[The Nicks Fix]

San Diego Tribune
July 30, 1998
Flying solo at Coors, Nicks proves she's still a magic woman

By Karla Petersen

CHULA VISTA - Her cardigan was a practical beige. Her long hair was neatly pulled back. Her glasses were probably smudge free. And after she leaped to her feet and greeted Stevie Nicks' Coors Amphitheatre entrance with an ear-splitting wolf whistle, the woman in the sensible clothes looked properly horrified.

"How did this happen?" you could hear her wondering as she sunk back into her seat. "What in the world came over me?"

Whatever it was, Nicks makes it happen to the best of us. When you find yourself thinking: "Ah, yes. Thunder does only happen when it's raining." and contemplating your first shawl purchase since 1975, you know some form of mind alteration has taken place. And the collective sigh that enveloped the sprawling amphitheater on Tuesday night was the sound of some 7,500 people succumbing to a spell that is more than 20 years old, and still as potent as ever.

As everyone from Bette Midler to Marilyn Manson could tell you, there is no particular magic in being weird. The trick is in making your eccentricities make sense. And for all her crystal-vision musings and witch-woman excesses, Nicks has always made a certain kind of sense.

Scrape off the glitter and newage goop, and you'll find an analytically inclined songwriter who has spent the last few decades grappling with the questions that bedevil even the cardigan wearers in the crowd. How do you juggle love and a career? Is it possible to age gracefully? What happens when your dreams come true, and they're full of nightmares?

By wrapping these tough emotional nuggets in layers of fairy-tale imagery, Nicks makes real life seductive enough for rock 'n' roll. And by tempering her star-child goofiness with earthy sincerity and affable charm, Nicks turned in a performance that felt real even if you had to strip off an awful lot of shawls to get the naked truth.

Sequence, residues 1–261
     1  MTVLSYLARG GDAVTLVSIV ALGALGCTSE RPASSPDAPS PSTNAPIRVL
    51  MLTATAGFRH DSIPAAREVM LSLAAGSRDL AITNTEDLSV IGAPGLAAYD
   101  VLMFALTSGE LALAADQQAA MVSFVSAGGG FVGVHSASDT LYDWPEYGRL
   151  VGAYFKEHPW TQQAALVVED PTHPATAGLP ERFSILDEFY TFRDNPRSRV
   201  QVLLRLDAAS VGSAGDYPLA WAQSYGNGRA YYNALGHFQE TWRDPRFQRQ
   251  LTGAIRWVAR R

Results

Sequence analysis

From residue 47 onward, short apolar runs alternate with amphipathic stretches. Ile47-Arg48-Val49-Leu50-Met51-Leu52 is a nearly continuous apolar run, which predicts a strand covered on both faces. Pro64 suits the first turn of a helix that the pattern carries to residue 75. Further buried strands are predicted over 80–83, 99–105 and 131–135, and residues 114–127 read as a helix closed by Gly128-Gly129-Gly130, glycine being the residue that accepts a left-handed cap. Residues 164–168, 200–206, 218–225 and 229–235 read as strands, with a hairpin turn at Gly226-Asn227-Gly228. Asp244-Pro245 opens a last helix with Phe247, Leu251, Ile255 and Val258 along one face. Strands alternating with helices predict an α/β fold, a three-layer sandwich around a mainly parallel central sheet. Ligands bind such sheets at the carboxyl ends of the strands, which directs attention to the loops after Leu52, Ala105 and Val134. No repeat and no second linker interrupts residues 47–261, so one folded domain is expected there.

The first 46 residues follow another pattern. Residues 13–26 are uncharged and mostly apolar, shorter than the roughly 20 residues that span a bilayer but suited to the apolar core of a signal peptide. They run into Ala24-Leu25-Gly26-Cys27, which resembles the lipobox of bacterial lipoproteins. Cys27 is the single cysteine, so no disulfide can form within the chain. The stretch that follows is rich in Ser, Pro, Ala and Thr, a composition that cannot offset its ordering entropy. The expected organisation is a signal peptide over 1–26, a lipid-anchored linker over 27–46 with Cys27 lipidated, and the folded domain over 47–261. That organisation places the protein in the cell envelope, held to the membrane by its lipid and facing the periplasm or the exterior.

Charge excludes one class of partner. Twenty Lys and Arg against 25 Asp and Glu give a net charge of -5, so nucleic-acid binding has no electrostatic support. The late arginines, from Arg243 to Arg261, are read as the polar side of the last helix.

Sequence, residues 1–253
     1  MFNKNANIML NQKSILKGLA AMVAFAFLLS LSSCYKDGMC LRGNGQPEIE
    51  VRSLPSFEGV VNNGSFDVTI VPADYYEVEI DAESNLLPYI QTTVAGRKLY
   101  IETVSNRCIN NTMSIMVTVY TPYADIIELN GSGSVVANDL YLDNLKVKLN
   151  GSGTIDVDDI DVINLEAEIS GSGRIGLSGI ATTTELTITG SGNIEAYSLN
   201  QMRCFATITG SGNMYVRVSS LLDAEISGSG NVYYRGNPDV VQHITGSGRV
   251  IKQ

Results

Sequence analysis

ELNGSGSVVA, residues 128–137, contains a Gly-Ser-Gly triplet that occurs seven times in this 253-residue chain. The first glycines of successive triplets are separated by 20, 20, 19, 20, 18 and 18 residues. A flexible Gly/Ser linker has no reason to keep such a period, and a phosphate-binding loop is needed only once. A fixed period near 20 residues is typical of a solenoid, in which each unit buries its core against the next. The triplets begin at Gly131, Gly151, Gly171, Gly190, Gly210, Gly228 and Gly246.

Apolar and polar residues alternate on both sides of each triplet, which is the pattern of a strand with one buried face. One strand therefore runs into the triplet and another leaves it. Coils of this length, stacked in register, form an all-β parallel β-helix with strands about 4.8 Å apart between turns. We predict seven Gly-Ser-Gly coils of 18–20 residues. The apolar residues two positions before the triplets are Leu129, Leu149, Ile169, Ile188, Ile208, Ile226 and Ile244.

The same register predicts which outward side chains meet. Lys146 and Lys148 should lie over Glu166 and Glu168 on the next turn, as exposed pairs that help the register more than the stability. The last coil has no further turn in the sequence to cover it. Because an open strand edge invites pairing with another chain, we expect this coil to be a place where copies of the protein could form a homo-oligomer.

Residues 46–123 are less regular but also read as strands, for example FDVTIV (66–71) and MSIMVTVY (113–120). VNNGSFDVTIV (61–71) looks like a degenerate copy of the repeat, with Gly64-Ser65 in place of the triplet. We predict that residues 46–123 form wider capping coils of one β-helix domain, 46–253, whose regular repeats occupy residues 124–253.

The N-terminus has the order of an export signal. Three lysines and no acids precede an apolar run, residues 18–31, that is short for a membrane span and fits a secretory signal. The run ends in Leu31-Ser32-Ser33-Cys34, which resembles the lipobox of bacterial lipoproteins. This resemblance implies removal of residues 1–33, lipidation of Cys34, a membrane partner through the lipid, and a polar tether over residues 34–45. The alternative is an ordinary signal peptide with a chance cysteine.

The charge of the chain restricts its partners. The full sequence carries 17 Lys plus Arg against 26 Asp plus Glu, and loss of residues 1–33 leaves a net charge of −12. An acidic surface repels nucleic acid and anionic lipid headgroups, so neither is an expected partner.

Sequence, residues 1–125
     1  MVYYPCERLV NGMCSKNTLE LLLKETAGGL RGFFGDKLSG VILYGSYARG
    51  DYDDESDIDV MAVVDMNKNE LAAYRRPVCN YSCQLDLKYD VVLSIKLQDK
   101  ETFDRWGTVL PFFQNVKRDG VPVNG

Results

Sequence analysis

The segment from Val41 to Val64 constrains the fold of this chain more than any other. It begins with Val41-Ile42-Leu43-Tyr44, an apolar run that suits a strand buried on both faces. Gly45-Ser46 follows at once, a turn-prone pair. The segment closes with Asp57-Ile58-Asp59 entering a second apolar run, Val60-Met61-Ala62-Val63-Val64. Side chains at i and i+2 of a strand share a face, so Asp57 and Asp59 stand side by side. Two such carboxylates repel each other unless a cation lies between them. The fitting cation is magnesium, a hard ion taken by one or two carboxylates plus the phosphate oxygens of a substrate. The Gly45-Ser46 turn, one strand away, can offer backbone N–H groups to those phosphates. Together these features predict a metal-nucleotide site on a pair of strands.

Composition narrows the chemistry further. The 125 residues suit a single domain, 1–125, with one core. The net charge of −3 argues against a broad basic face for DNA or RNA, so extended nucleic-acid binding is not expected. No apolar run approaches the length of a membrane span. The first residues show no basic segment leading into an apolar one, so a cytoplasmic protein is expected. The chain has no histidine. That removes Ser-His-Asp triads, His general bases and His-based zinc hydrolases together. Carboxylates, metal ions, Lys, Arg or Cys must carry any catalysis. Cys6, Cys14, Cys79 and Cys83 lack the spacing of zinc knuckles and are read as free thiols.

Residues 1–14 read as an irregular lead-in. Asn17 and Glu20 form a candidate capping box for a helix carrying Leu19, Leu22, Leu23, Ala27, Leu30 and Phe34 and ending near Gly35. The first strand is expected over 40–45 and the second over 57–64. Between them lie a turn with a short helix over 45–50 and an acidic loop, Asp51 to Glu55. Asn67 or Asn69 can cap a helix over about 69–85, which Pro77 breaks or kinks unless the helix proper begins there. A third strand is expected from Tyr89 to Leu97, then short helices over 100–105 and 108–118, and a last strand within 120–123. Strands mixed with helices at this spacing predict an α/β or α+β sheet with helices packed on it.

After spending the last year performing with the newly revitalized Fleetwood Mac, the 50-year-old Nicks was clearly thrilled to have the spotlight to herself. Touring to support "Enchanted," her new three-CD set of hits, B-sides and unreleased tracks, Nicks was free to sing all the songs she couldn't shoehorn into the Mac shows. And while her two-hour show was a pretty savvy mix of Fleetwood Mac hits, solo favorites and unexpected chestnuts, Nicks' magic wasn't all powerful all the time.

Following an enthusiastic (if sonically muffled) 30 minutes of blues and boogie-woogie from San Diego's A.J. Croce, Nicks opened with a set of songs that summed up her strengths and weaknesses in one neat swoop.

Draped in her usual black chiffon, Nicks started the show with "Outside the Rain," from her 1981 solo debut, "Belladonna."

Maybe it's only a dream / I don't want to feel that. Well it's one more link in the chain / I don't believe that. On the lyric sheet, it sounds kind of silly. But as Nicks tugged restlessly at the scarf tied to her microphone stand, she plumbed the song's psychodrama depths and came up with a convincing portrait of a woman doing her best to turn an impossible love into a sustaining relationship.

From there, the band moved seamlessly into "Dreams," and the show stumbled into its biggest pothole. As polished as it was, Nicks' nine-person backup band was not Fleetwood Mac. And as strong as they are, "Dreams," "Gold Dust Woman," and "Rhiannon" are not just Stevie Nicks' songs, they are Fleetwood Mac songs. And without Lindsey Buckingham's insinuating guitar or John McVie and Mick Fleetwood's empathetic rhythmic support, these Mac chestnuts sounded hollow and surprisingly bland. Nicks sang them with conviction, but they needed the Fleetwood Mac spark to turn glitter into something more lasting.

Nicks had better luck with her solo material, and with the exception of clunky renditions of the moody "Edge of Seventeen" and "Stand Back," so did the band. A wry rendition of "Enchanted" showed what happens when a star child tries to grow up, while stomping romps through "Whole Lotta Trouble" and Tom Petty's "I Need to Know" were as delightfully defiant as Nicks' trademark platform boots.

Throughout the evening, Nicks thanked the adoring crowd for their support, and if you had doubts about her sincerity, her tender version of "Has Anyone Ever Written Anything For You" whisked them all away. She may have her head in the clouds, but Nicks has never lost sight of the things that matter. That's her magic -- and it works.

Caption under picture:
Down to earth: At Coors Amphitheatre, Stevie Nicks' rock 'n' roll incantations had the ring of truth.

Thanks to Greg Rice for sending this review to The Nicks Fix.
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